Gig review: Pale Blue Eyes at The Crescent, York

Pale Waves at The Crescent, York. Picture: David MartinPale Waves at The Crescent, York. Picture: David Martin
Pale Waves at The Crescent, York. Picture: David Martin
The Sheffield-based indie group provide the perfect soundtrack for a warm May night.

Fresh from making a lot of new friends on tour with shoegaze legends Slowdive, Pale Blue Eyes sound like a band with an encyclopaedic knowledge of 80s synth pop and 90s indie rock, but the good sense to wear it lightly – creating something new from those familiar elements that feels both personal and warmly universal.

Their two albums to date are tempered with themes of nostalgia and loss, but the abiding impression that their multi-layered melodic sound leaves tonight is one of joy, exuberance and gratitude.

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Husband and wife duo Lucy and Matt Board are the core of the band, who, though originally founded in Devon, have recently relocated their base of operations to Lucy’s hometown of Sheffield.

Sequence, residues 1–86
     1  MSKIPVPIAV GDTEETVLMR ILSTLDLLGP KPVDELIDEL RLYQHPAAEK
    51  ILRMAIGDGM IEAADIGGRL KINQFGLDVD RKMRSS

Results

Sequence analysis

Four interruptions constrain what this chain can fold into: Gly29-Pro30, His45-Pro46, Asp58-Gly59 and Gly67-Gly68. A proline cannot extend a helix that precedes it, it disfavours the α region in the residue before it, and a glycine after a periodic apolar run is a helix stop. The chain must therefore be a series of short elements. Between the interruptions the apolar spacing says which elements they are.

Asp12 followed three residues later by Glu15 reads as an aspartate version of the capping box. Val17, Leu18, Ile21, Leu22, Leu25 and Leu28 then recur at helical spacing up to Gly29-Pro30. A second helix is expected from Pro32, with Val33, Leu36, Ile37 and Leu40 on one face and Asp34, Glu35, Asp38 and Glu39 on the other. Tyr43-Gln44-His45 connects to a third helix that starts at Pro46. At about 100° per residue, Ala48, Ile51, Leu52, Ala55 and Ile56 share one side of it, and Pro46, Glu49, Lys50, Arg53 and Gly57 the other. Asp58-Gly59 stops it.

Live, Lucy takes the drum stool, with Matt up front on vocals and guitar, and they are joined by John Gooding on synths and extra guitar firepower to help fill in the many sonic layers.

The driving rhythm section is completed by bassist Aubrey Simpson, whose rock-steady flying fingers build the locked-in, hypnotic, motorik-style groove that underpins the whole set, while synths cascade and guitars drive ever forward.

There are melodic hooks aplenty, especially on More, the lead single from new album This House, while the slow-burning Chelsea brings some welcome dynamics. Though they don’t quite approach Slowdive levels of effect-heavy psychedelic sound sculpting, there’s enough technology at the guitarists’ feet to bring to mind The Onion’s headline “Shoegaze band’s pedal board becomes self-aware”.

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Proustian memories of indie discos past reverberate through Pale Blue Eyes’s sound, from Stereolab to The Cure to New Order – or even The Cult on guitar-heavy closer Sister. It’s a perfect soundtrack for a warm May night, evoking hopeful thoughts of the summer evenings to come.

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